If you have any French euro coins in your pocket, purse or in a jar on the shelf where you keep loose change (invariably along with spare...

Établissement Monétaire de Pessac: making money for a living

If you have any French euro coins in your pocket, purse or in a jar on the shelf where you keep loose change (invariably along with spare drawing pins and paperclips), those coins were minted at a low-rise building in the industrial estate of Pessac, in the first belt of the suburbs of Bordeaux.

The building, located alongside the A63 motorway and next door to a drive-in supermarket, is the Établissement Monétaire de Pessac, one of two facilities run by Monnaie de Paris, one of France’s oldest institutions, with roots that can be traced all the way back to the 9th century. The institution was founded subsequent to the Edict of Pistres promulgated by Charles the Bald, King of West Francia, in 864. Although most of the acts in the capitulary were primarily aimed at protecting cities and the countryside from Viking raids, the Edict also covered the minting and acceptance of coinage, and formalised penalties for counterfeiting.

The spiritual home of Monnaie de Paris, which today employs 500 people, is on the Seine-side Quai de Conti in central Paris. Originally built in 1775 as the Manufacture Royale de la Monnaie, the Paris establishment, as well as housing a museum, now handles coin design duties and continues to manufacture medals and limited edition “objets d’art”. Fortunately, it is the Quai de Conti building which features on the institution’s logo...

Meanwhile, the somewhat less elegant Pessac plant, which was built in 1973 and where 250 employees are based, is responsible for the manufacture of mass-circulation coins. Pessac handles the full minting process, from the production of the collars and dies, manufacturing and polishing the blanks, the striking of the coins themselves, to packaging, storage and distribution. The factory’s current daily output can routinely hit 9 million units. In 2010, no less than 1,500,000,000 coins were produced! Not all of those coins were euros; foreign currencies account for one quarter of the output in Pessac.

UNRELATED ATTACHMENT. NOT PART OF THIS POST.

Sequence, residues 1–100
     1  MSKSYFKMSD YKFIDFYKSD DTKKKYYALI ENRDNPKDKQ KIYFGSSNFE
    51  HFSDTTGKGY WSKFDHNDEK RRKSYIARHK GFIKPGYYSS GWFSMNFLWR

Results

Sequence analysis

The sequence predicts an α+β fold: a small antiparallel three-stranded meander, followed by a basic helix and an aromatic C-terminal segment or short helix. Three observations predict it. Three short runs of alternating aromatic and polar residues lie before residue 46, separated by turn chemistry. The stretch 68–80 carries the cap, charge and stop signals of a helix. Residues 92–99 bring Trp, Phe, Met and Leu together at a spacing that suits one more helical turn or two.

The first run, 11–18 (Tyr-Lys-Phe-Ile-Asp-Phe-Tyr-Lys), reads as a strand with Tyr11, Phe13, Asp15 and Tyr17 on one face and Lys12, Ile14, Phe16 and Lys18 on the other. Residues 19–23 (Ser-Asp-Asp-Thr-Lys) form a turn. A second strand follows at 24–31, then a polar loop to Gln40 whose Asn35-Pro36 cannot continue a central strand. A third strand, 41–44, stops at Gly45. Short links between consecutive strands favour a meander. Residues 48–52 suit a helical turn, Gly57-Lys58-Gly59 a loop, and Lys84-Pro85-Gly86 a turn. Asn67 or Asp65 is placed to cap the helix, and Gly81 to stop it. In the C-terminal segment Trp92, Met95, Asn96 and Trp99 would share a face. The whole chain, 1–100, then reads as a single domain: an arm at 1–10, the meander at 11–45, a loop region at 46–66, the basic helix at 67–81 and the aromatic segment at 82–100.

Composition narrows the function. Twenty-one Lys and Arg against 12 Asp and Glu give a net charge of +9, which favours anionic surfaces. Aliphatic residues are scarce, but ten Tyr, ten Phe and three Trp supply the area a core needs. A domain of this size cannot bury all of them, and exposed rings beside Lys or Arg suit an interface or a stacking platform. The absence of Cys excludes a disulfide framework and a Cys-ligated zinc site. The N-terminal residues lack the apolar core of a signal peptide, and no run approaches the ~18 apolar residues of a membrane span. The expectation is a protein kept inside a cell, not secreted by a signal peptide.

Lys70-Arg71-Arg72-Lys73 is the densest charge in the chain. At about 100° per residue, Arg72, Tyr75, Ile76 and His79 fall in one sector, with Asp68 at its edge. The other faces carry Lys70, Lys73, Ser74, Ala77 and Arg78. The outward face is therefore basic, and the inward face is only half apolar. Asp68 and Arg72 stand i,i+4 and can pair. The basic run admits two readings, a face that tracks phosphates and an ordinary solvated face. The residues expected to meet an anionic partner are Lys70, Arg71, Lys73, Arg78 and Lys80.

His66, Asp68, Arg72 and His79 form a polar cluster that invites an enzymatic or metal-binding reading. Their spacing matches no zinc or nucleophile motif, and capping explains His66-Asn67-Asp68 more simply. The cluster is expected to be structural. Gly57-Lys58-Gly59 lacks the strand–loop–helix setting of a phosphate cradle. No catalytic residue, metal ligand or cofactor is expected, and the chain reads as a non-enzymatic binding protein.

While the euro entered general circulation ten years ago on January 1st 2002, the eight different euro coins were being minted at the Pessac factory from May 1998 onwards. During the three years leading up to the switch, 12 million units were being produced daily. France was one of five countries to decide against striking all first coins with a 2002 date, so check your pocket, purse or jar to see how many of your coins were minted in Pessac during the years before they actually entered circulation! That decision has also been of interest to numismatists who have keenly snapped up highly-collectable sets of coins that pre-date the switch to the euro.

The Pessac plant is not solely focused on production. It is also home to two important bodies set up to detect, dissect and counteract counterfeit operations: France’s Centre National d’Analyse des Pièces (CNAP) and the European Technical and Scientific Centre (ETSC). And, of course, the euro in France extends beyond coins and Monnaie de Paris. Two Banque de France establishments in the central France region of Auvergne manufacture euro banknotes, which feature single Europe-wide designs (unlike the coins, which feature individual national faces): the paper is produced in the town of Vic-le-Compte while printing duties are handled in Chamalières. 


  1. Nice sneaky photos from the outside here, which I imagine are probably frowned upon.

    If we were really going to synchronise, I should have done something on the Monnaie de Paris at the same time! I think I'll save that until later in the year though when work finishes at the institution which will seemingly transform much of it into a shopping parade and posh restaurant!

  2. Hi Tim !

    Your blog is really great.
    I saw you linked mine, so thank you.
    By the way your email adress in the sidebar does not seem to work.
    See you in Bordeaux !

  3. @Adam - I opted for the flags and a picture of the reception, so hopefully it's not giving too many trade secrets away. I trust you'll visit me in jail though...

    @Francis - thanks for the comment and the link. I very much appreciate your photographic takes on the city. As for the e-mail link, I'm working on it!